Aching for the Sandy Hook children and for the teachers who gave the last full measure of devotion trying to save them, many are asking once again what we can do to better protect innocent people. To substantially reduce handgun and assault weapon availability, we need a federal solution.
From the facts of the case as they continue to emerge in the press, it appears that the shooter’s mother legally purchased the semiautomatic Bushmaster .223 assault rifle that the shooter used in the school. Allowing these weapons to be available to the general public, even with background checks, makes it all too likely that they will fall into the wrong hands.
The opportunity for legislative action on the issue in Massachusetts is limited because (a) Massachusetts already has strong gun laws and (b) so many other states have weak laws and guns can easily cross state lines.
- The Law Center to Prevent Gun Violence ranks Massachusetts 3d in the country for the strength of its gun laws and grades it an A- overall.
- It is against the law to possess an assault weapon in Massachusetts, as a result of laws passed in 1998 and extended in 2004 with the support of Governor Romney. The ban grandfathers weapons acquired lawfully before September 13, 1994, the date that the ten-year federal assault weapons ban was passed. See this advisory from the Firearms Records Bureau for more. See also these explanatory pieces from gun groups – Gun Owners Action League and Northeast Shooters.
- Only six states other than Massachusetts — New York, California, New Jersey, and in narrower forms, Hawaii, Connecticut and Maryland– have enacted assault weapons bans, according to surveys of state laws found in Wikipedia and the Law Center to Prevent Gun Violence.
- It is against the law to purchase or carry a handgun in Massachusetts without a license to carry granted by a police department. It is possible to purchase or possess a rifle (other an assault rifle) with a lesser license called a firearms identification card. For considerable detail on the regulatory scheme, from the perspective of a prospective gun owner, see the Gun Owner’s Action League.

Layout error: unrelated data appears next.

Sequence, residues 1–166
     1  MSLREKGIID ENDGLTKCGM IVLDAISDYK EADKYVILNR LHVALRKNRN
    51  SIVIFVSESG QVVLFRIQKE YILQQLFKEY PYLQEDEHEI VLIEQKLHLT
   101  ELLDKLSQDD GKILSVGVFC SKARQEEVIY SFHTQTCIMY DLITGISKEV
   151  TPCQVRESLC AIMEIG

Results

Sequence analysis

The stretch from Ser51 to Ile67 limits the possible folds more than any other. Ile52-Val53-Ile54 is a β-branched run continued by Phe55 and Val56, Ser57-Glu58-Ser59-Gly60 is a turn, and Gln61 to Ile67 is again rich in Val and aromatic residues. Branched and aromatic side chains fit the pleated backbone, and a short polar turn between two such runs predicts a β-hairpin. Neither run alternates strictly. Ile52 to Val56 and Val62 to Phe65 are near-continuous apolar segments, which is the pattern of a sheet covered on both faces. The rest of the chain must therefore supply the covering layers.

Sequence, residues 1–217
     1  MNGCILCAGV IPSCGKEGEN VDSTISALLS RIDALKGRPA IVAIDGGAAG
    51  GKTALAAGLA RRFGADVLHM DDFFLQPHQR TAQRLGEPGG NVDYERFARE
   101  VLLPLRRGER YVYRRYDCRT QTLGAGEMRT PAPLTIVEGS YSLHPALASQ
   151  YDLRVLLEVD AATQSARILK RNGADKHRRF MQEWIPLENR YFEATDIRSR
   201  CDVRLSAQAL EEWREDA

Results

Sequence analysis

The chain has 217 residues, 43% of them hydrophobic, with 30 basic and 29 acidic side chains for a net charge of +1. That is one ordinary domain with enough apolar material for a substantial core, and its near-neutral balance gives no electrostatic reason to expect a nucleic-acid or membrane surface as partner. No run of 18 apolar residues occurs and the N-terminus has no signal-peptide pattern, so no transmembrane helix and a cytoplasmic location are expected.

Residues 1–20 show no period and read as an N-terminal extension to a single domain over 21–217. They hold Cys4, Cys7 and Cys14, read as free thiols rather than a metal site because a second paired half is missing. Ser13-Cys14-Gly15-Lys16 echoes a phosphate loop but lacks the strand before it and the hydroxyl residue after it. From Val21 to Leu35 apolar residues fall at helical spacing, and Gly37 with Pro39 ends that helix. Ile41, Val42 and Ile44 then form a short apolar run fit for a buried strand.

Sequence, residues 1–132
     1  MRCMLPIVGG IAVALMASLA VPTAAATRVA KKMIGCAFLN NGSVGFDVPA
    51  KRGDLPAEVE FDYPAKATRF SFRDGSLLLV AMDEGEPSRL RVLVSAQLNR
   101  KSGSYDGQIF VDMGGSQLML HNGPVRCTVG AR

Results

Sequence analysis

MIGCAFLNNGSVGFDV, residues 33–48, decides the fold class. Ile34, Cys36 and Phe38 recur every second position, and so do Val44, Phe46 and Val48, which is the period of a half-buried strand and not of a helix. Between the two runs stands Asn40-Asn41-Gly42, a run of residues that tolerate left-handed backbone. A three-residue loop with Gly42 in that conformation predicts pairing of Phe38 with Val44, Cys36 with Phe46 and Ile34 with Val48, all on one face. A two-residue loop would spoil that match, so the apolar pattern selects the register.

- By contrast, in the majority of other states in the country, it is possible to purchase rifles, handguns and even assault weapons without any form of permit. See state-by-state data in Wikipedia or from the Law Center to Prevent Gun Violence.
The Law Center to Prevent Gun Violence does identify some possible improvements in Massachusetts gun laws. We should do what we can to strengthen our existing controls.
Additionally, we should review our school security and emergency plans. The state already requires schools to have plans to address potential shootings. In 2000, the legislature included the following language in the state budget for FY01:
“Notwithstanding any general or special law to the contrary, the superintendent of each school district shall, prior to the beginning of the school year, meet with the fire chief and police chief of the city, town or district to formulate a school specific “Multi-hazard evacuation plan” for each school under the superintendent’s supervision. Said multi-hazard evacuation plan shall encompass, but not be limited to, evacuations for fires, hurricanes and other hazardous storms or disasters in which serious bodily injury might occur, shootings and other terrorist activities, and bomb threats. Said plan shall be designed for each school building after a review of each building. Said plan shall include, but not be limited to: (1) establishment of a crisis response team; (2) a designation as to who is in charge of said team and designated substitutes; (3) a communication plan; (4) crisis procedures for safe entrance to and exit from the school by students, parents and employees; and (5) policies for enforcing school discipline and maintaining a safe and orderly environment during the crisis. Each district, with the assistance of the local police and fire departments, shall annually review and update as appropriate said plan. At the beginning of each school year, students at each school shall be instructed as to the plan that is developed.
Finally, we should consider what more we can do to recognize and address the kinds of personal and mental health issues that create a propensity to mass violence.
It should be clear, however, that to substantially reduce the availability of the kinds of weapons that the Connecticut shooter used, we need a federal solution — guns are all too easy to transport across state lines. Some Democrats in Congress are preparing to reinstate the federal assault weapons ban, but according to the Atlantic Wire, in the Republican-controlled House, that proposal will face some opposition:
[Rep. Louie] Gohmert [of Texas] said Sandy Hook Principal Dawn Hochsprung could have survived if she had a gun of comparable size in her office when Lanza started shooting. ”I wish to God she had had an M4 in her office locked up and so when she heard gunshots … she takes his head off before he can hurt those kids,” he said. Gohmert agreed that the country needs to have a national conversation on gun control, but urged the conversation be “open minded.”
All is lost if we need to have all of our school administrative staff trained in the defensive use of assault weapons. Let us hope that our leaders can come together on this issue at the national level.
As state senator, I always appreciate feedback and I can be reached at my office at 617-722-1280 or by email at firstname.lastname@example.org.